These days there seems to be a huge number of important Washington developments, making it challenging to keep track on an almost daily basis. There is the pending GOP tax bill, which heavily favors the rich at the expense of working families, and would be a disaster for GovGuam finances. These latest tax cuts also will trigger reductions to government health care programs such as Medicare and Medicaid.
Then there is the steady march of investigations into the Trump-Russia scandal that has already netted indictments of Trump's former campaign head, Paul Manafort, and his first White House national security advisor, Michael Flynn. And by all accounts, special prosecutor Robert Mueller's investigation is closing in on Trump's inner circle. Also blaring across the news is the expanding list of members of Congress resigning due to sexual harassment charges, just as Republicans rally behind an accused child molester as their choice for the next U.S. senator from Alabama. Also ranking up there is the very real possibility of a shutdown of the federal government before the end of this year, due to an impasse in Congress to agree on a budget plan.
Lost in the chaos
Lost to a great extent in this chaos is the prospect of a federal crackdown on medical marijuana. Such a crackdown would coincide with renewed efforts in the Guam Legislature, led by Sen. Dennis Rodriguez Jr., to finally enact into law regulations to authorize marijuana medical dispensaries. This would be the final step in realizing the mandate given overwhelmingly by Guam voters more than two years ago. In a referendum made possible by the efforts of then-Sens. Tina Muña Barnes and Aline Yamashita, voters approved the legalization of medicinal marijuana. All that effort would come to a grinding halt in the face of threatened federal prosecutions of both medical marijuana users as well as dispensaries.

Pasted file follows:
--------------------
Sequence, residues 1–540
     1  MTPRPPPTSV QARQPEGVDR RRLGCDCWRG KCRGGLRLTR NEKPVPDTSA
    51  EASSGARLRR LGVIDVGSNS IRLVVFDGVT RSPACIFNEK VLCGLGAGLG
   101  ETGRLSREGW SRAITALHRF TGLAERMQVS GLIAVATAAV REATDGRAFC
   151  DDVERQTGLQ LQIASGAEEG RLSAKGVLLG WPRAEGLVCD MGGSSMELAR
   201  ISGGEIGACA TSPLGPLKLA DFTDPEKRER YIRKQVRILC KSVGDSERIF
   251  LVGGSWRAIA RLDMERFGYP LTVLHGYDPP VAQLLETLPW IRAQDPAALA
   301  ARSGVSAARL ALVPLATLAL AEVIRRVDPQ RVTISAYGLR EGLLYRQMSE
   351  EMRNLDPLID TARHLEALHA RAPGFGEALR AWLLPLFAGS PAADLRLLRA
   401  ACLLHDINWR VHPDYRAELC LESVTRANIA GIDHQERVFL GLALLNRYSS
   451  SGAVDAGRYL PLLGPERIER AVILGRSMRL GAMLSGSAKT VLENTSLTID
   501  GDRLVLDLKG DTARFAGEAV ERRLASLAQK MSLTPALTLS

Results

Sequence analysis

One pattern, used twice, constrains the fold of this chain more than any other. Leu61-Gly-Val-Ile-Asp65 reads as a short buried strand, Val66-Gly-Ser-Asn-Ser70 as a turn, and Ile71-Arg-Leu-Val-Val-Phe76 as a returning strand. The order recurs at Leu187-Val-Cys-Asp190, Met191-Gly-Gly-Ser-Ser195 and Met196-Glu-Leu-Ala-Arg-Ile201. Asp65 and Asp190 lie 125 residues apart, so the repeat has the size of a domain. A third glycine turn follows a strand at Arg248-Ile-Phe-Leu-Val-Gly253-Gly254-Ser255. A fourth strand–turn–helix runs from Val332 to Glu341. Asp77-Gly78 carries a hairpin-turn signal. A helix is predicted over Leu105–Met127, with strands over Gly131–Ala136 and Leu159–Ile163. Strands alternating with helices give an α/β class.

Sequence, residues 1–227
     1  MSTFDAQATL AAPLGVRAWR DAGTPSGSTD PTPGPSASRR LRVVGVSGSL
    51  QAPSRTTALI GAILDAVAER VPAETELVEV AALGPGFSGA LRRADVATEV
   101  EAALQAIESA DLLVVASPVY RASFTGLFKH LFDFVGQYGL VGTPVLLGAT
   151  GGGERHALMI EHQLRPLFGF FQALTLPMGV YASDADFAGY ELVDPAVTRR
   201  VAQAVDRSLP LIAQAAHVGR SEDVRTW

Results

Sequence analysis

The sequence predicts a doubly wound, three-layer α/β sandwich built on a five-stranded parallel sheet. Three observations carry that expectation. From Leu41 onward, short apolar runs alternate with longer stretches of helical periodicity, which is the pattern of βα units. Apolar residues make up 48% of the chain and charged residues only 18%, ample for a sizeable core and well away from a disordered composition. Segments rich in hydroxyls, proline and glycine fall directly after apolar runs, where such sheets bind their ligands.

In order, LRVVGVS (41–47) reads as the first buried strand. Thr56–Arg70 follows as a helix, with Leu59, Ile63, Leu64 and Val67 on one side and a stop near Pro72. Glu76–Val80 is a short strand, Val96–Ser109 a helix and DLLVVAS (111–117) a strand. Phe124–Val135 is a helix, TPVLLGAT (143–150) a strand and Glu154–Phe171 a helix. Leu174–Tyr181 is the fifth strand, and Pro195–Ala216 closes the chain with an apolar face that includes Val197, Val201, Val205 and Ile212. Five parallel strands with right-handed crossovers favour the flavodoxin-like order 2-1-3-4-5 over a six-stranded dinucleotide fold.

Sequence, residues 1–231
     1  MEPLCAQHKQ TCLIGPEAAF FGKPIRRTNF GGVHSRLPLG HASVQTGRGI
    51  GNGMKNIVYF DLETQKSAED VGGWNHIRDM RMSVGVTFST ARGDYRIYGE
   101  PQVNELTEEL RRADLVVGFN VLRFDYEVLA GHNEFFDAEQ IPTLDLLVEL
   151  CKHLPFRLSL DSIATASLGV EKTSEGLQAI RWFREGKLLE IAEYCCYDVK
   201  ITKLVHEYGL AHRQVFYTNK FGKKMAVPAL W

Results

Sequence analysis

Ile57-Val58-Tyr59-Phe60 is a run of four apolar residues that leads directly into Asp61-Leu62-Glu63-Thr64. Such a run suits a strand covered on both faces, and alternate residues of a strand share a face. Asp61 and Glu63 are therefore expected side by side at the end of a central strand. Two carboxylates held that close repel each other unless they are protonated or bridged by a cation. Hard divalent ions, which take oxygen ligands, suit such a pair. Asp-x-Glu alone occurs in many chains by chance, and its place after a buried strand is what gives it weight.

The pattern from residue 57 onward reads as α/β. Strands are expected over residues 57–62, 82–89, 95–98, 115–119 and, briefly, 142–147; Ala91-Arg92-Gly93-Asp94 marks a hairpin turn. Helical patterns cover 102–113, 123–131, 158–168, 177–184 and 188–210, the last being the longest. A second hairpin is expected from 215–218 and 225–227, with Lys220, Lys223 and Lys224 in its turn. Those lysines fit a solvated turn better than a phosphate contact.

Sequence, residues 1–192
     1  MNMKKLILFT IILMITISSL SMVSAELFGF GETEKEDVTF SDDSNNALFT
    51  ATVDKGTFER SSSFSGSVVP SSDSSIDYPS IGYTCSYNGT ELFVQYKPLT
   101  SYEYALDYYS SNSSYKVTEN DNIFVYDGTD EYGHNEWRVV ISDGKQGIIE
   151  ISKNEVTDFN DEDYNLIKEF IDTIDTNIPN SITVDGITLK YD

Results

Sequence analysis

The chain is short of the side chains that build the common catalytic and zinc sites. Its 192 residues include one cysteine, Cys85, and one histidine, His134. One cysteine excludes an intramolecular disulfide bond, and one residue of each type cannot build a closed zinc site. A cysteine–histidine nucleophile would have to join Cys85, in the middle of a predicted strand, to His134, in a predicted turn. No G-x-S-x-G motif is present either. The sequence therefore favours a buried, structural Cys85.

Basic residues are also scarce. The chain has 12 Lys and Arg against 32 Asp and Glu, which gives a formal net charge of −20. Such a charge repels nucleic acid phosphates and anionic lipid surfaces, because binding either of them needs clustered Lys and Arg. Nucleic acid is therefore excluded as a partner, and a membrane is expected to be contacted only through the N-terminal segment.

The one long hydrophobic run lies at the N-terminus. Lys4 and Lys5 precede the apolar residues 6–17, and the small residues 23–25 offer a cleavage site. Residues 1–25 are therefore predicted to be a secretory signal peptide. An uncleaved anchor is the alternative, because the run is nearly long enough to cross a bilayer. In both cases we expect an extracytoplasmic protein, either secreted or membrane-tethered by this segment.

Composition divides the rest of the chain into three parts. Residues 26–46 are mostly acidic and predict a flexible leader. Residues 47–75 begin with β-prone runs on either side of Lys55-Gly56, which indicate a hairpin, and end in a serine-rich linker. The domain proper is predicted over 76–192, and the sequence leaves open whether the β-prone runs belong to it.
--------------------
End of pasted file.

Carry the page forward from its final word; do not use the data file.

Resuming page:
Ever since Attorney General Jeff Sessions became head of the Justice Department, it has taken a stance of outright hostility against the legalization of marijuana for both recreational and medicinal use. This new stance was cited by the Calvo administration earlier this year in withdrawing its initiative to legalize recreational marijuana here on Guam. The prospects of the Justice Department action against recreational marijuana have been steadily ramping up, with Sessions hinting just last month of an imminent crackdown on states that have legalized it.
What has held Sessions from taking a similar approach to medical marijuana has been the Rohrabacher–Farr amendment. Since 2014, this amendment has been tucked in to a series of spending bills to keep the government from shutting down in the face of congressional failure to enact an actual federal budget. Under the provisions of the Rohrabacher–Farr amendment, the Justice Department is prohibited from spending funds to interfere with the implementation of state medical marijuana laws. The amendment does not actually make medical marijuana legal under federal law, and it has to be renewed each year with the spending bills that keep the federal government open.
If Congress fails to pass the required spending bill and the government shuts down, then Rohrabacker-Farr amendment prohibitions would cease to exist.
Potential for crackdown
That's exactly what I believe might happen later this month given all the signs out of Washington. If that indeed happens, medical marijuana advocates are concerned this would be tantamount to giving Sessions a legal green light to direct federal prosecutors, and the Drug Enforcement Administration, to crack down on medical marijuana patients and providers. Sessions has for months been seeking removal on these legal restrictions on the Justice Department. In a letter to Congress, he stated, "I believe it would be unwise for Congress to restrict the discretion of the Department to fund prosecutions, particularly in the midst of an historic drug epidemic and potentially long-term uptick in violent crime." Previously as a U.S. senator, Sessions called marijuana legalization "a mistake" and stated that "good people don't smoke marijuana."
So if the last restrictions are lifted, and Sessions is free to pursue his personal inclinations, then it's not hard to imagine him launching a national crackdown on both recreational and medicinal marijuana, and clearly Sessions' reach also will extend to Guam.